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How Long Is A Lunar Day And Night?

It’s one astronomical topic where you can realistically do your own research.

author

Stephen Luntz

author

Stephen Luntz

Freelance Writer

Stephen has a science degree with a major in physics, an arts degree with majors in English Literature and History and Philosophy of Science and a Graduate Diploma in Science Communication.

Freelance Writer

Edited by Holly Large
Holly Large - Editorial Assistant

Holly Large

Jr Copy Editor & Staff Writer

Holly is a graduate medical biochemist with an enthusiasm for making science interesting, fun and accessible.

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Crescent Moon showing some lunar seas and highlands illuminated, while most of the Earth-facing side is still in darkness.

To measure the length of the lunar day and night, all you have to do is pay attention for a month.

Image credit: NASA Goddard

After its brief resurrection, the upside-down SLIM Japanese lander has shut down for the lunar night, since it lacks the battery power to last long without refreshment from its solar panels. This raises the question, just how long is the lunar night? Also, does it matter whether you’re near the lunar equator or the poles?

How to find out yourself

The lunar day/night cycle takes just less than an Earthly month, but don’t take our word for it. The skeptically minded can investigate this for themselves. All that’s needed is a small telescope and a bit of patience. Indeed, you can do it even without the telescope if you’re happy for the results to be quite rough.

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All you need to do is pick an easily recognizable spot on the lunar surface, such as a crater, “sea” or tall mountain. It will be easiest if this is somewhere near the middle of the side of the Moon that faces Earth, but the point you pick can be anywhere.

When the new Moon first becomes visible, the spot you’ve chosen will not be illuminated, unless you ignored our recommendation and chose something close to the eastern rim. Check each night (assuming no clouds) until you can see the spot in question lit up by the Sun’s rays, then note the date. It’s now dawn at your chosen lunar location.

Keep checking each (Earthly) night until the spot disappears into darkness, and note that date as well. You’ve just measured the length of the day at your chosen landmark. Now wait until it is lit up again, and note this third date as well, giving you the length of the lunar night, and the combined day/night cycle.

Besides a small telescope, you’ll have to get up at all sorts of odd hours during the waning part of the lunar cycle when the Moon rises late at night. You can see why for some people, “doing their own research” on topics like whether the Moon landings were real (hint, they were) involves spending a few hours on YouTube listening to people who’ve already sold them on anti-vax conspiracies. It’s so much easier.

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However, if you choose this approach, you will not only get to marvel at the beauty of the Moon (and maybe impress some neighbors), you can also investigate more subtle questions.

On Earth, the day/night cycle is 24 hours, but days and nights are not necessarily half that each. Away from the equator and the equinox, the day can be much longer, or much shorter, than 12 hours. At the poles, the cycle disappears entirely and is replaced by six months of light or darkness. 

The method described above allows us to check whether the same is true on the Moon. It’s very hard to observe the lunar poles, just as it is difficult to spot things at either side of the face turned to us. However, you can certainly do the experiment described somewhere at moderate latitude, such as the very bright crater Tycho (43° South).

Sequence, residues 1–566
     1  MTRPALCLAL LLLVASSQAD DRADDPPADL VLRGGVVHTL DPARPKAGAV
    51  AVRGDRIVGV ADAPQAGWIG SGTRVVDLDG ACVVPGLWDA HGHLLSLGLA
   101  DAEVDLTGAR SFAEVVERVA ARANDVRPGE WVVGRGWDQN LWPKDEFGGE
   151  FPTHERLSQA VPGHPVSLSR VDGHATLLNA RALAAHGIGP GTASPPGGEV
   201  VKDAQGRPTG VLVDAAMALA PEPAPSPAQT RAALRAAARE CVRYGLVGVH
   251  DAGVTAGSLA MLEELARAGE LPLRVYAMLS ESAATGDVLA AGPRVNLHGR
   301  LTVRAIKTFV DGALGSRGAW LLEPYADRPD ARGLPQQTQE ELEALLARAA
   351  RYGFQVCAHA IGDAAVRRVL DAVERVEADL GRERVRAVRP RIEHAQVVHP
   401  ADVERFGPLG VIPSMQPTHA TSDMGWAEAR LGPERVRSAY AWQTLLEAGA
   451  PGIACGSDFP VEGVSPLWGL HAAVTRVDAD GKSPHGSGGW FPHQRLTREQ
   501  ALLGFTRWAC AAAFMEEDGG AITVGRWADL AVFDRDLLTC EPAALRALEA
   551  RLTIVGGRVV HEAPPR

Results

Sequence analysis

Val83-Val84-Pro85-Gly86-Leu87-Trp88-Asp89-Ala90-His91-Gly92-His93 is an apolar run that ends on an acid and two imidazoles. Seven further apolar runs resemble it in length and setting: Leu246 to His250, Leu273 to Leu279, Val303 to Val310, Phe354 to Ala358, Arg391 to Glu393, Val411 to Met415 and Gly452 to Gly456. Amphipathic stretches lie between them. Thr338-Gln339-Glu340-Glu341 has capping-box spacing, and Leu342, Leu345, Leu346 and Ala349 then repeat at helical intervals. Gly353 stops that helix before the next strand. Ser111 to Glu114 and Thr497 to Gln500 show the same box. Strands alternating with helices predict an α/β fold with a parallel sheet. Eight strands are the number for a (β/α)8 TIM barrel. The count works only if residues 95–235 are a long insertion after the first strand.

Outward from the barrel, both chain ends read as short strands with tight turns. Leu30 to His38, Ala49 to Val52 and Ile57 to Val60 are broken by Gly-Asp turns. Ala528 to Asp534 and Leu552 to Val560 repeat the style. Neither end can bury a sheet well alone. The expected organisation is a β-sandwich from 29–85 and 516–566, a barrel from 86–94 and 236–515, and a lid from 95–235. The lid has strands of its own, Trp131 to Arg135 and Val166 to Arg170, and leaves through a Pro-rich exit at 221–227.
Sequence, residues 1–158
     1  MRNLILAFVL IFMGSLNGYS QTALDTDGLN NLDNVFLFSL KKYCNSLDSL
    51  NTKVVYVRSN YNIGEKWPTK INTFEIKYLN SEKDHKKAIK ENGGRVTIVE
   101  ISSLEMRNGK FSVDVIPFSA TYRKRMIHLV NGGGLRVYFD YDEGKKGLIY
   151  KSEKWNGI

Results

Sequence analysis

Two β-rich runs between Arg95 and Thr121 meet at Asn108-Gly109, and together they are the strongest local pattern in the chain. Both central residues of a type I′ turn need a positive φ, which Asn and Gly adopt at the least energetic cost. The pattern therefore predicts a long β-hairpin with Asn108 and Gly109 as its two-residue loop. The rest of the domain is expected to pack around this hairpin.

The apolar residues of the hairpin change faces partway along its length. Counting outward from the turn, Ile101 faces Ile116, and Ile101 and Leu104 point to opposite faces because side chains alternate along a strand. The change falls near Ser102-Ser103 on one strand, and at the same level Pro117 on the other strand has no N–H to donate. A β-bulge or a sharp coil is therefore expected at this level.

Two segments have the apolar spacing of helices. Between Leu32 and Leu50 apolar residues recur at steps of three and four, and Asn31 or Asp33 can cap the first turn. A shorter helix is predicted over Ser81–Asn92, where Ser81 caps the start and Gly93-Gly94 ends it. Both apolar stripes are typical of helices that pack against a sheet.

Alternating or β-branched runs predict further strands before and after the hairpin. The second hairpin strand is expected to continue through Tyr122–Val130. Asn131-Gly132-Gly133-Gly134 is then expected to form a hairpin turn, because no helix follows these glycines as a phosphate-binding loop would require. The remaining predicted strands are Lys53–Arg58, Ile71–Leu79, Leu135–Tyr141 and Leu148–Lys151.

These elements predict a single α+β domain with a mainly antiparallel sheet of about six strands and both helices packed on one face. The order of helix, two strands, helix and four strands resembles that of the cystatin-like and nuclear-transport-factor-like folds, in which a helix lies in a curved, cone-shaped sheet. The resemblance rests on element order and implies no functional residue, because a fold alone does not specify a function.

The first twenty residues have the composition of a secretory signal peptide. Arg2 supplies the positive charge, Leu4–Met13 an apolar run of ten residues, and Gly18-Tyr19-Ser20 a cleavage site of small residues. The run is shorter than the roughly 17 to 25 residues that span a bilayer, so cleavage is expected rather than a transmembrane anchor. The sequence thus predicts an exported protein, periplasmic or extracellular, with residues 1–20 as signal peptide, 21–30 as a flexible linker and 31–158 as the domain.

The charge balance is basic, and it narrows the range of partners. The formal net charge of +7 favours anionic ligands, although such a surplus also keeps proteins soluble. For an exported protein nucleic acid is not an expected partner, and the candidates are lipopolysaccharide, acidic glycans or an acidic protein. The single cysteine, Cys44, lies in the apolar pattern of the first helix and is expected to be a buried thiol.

The full Moon, with Tycho the bright lunar crater near the bottom with lots of prominent rays around it
The full Moon with Tycho the bright lunar crater near the bottom, with lots of prominent rays around it.
Image credit: NASA/JPL/USGS


Spoilers

Cheat notes for those who aren’t planning the observations: unless you get close enough to the north or south pole that your ability to observe will be compromised, the lunar day and night will be close to even, at an average of 14 Earth days each.

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That’s because unlike the Earth’s axis, which is tilted at 23.4 degrees compared to the plane of our orbit, the Moon’s axial tilt is just 1.5 degrees, relative to the Earth-Moon system’s orbit around the Sun. It’s larger compared to the Moon’s orbit around the Earth, but that doesn’t matter for these purposes. This makes the day-night variation across the Moon very small.

The tiny axial tilt has done future explorers a great service. It’s unlikely the coveted ice at the lunar poles would have survived if the tilt caused the Sun to rise higher at the poles during a lunar hemisphere’s summer. Even with the tilt, things get pretty hot by the end of the long lunar day, with temperatures as high as 121°C (250°F) recorded.

On the other hand, overnight they can drop to -133°C (-208°F), even in flat terrain. Polar craters get colder still with measurements from orbit being less than 30 degrees above absolute zero. After all, there is no atmosphere to redistribute the heat from the way winds do on Earth.

Thanks to the Moon's axis, it also means that, rather than needing enough battery power to last the long and chilly lunar night, future bases could get their energy from a ring of power stations looping the lunar pole, even in what counts for winter.


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spaceSpace and PhysicsspaceAstronomy
  • tag
  • Astronomy,

  • the moon,

  • backyard astronomy,

  • lunar seasons,

  • lunar day,

  • lunar night

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